Author + information
- Received July 24, 2014
- Revision received December 12, 2014
- Accepted December 15, 2014
- Published online March 17, 2015.
- Yousef Etoom, MD∗,
- Sindu Govindapillai, MD∗,
- Robert Hamilton, MD∗,
- Cedric Manlhiot, BSc∗,
- Shi-Joon Yoo, MD∗,†,
- Maryam Farhan, MD∗,
- Samir Sarikouch, MD‡,
- Brigitte Peters, MD§,
- Brian W. McCrindle, MD∗ and
- Lars Grosse-Wortmann, MD∗,†∗ ()
- ∗The Labatt Family Heart Centre, Department of Paediatrics, The Hospital for Sick Children, University of Toronto, Toronto, Canada
- †Department of Diagnostic Imaging, The Hospital for Sick Children, University of Toronto, Toronto, Canada
- ‡Department of Heart, Thoracic, Transplantation and Vascular Surgery, Hannover Medical School, Hannover, Germany
- §Institute for Biometry and Medical Informatics, University of Magdeburg, Magdeburg, Germany
- ↵∗Reprint requests and correspondence:
Dr. Lars Grosse-Wortmann, The Labatt Family Heart Centre, The Hospital for Sick Children, 555 University Avenue, Toronto, Ontario M5G 1X8, Canada.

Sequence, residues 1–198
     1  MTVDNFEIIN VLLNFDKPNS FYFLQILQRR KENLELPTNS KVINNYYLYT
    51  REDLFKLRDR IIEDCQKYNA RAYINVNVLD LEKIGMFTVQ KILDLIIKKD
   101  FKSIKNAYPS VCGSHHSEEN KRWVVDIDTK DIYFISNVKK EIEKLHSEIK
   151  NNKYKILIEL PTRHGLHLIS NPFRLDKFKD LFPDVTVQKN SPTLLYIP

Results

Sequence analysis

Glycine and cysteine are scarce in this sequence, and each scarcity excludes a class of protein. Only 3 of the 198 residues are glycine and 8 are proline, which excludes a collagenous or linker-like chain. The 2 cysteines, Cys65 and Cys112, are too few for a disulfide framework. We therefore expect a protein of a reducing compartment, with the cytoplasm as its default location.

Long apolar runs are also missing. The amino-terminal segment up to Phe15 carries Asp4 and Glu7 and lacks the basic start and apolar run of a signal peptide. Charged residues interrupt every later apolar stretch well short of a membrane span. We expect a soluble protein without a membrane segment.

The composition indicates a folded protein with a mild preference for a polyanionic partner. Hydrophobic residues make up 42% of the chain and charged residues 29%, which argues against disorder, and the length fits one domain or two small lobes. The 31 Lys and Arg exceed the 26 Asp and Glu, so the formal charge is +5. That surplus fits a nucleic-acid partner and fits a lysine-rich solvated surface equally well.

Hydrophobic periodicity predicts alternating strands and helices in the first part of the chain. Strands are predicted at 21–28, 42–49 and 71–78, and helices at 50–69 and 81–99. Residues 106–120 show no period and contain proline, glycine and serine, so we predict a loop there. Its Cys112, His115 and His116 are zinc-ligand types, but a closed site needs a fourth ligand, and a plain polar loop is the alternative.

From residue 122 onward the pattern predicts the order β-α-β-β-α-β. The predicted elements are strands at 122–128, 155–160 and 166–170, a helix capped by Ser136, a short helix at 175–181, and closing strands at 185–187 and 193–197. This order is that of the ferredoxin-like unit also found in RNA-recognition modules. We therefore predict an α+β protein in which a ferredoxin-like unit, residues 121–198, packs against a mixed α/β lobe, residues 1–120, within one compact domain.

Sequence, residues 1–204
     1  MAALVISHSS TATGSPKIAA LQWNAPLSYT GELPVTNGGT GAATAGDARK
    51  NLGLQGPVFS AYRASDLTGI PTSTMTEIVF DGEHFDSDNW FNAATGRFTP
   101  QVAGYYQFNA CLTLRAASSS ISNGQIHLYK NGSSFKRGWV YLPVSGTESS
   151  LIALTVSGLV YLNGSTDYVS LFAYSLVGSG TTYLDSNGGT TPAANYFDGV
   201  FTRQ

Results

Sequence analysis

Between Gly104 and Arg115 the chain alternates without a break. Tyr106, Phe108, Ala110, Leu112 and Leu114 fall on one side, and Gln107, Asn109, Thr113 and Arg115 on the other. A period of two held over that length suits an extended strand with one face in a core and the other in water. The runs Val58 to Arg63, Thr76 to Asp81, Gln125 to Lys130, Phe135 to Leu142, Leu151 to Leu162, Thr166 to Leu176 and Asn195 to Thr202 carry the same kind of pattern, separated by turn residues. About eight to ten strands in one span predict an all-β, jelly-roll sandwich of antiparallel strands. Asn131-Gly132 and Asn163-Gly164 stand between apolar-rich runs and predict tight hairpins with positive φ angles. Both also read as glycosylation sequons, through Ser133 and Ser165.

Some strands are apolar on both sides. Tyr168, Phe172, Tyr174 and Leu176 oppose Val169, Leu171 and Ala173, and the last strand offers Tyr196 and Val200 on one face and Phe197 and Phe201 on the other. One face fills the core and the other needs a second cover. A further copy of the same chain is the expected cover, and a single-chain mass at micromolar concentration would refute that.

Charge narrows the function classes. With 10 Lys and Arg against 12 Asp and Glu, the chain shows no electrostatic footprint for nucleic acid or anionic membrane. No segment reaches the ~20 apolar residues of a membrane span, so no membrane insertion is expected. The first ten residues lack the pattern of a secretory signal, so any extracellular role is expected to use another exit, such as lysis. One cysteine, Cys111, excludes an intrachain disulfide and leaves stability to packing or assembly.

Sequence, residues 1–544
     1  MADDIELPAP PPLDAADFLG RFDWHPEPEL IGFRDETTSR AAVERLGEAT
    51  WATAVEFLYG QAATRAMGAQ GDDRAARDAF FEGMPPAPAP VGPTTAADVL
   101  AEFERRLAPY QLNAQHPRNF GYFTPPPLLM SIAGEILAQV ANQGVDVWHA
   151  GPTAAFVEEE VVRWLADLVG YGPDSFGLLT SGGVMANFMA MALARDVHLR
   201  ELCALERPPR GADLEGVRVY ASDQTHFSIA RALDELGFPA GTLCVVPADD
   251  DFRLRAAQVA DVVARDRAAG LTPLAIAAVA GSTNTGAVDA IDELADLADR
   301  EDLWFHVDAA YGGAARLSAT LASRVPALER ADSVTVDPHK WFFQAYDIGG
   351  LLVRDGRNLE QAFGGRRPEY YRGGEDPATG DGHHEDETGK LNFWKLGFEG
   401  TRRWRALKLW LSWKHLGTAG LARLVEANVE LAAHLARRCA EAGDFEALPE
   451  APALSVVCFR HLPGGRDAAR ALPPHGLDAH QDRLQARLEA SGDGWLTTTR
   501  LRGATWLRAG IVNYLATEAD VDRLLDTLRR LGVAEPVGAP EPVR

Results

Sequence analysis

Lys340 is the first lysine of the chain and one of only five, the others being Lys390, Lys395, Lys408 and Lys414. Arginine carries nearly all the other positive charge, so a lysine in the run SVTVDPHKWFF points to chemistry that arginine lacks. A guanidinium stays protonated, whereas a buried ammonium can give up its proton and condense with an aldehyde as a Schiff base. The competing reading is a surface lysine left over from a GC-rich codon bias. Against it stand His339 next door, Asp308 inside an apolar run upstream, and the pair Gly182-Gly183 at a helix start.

Background Cardiac magnetic resonance (CMR) is a component of the revised Task Force Criteria (rTFC) for the diagnosis of arrhythmogenic right ventricular cardiomyopathy (ARVC). However, its diagnostic value in a pediatric population is unknown.
Objectives This study examined the contribution of CMR to diagnosing ARVC using the rTFC in a pediatric population.
Methods Clinical CMR studies of 142 pediatric patients evaluated for ARVC between 2005 and 2009 were reviewed. Patients were categorized into “definitive,” “borderline,” “possible,” or “no” ARVC diagnostic groups based on the rTFC. The extent to which each element of the rTFC contributed to diagnosing ARVC was determined using a c-statistics model.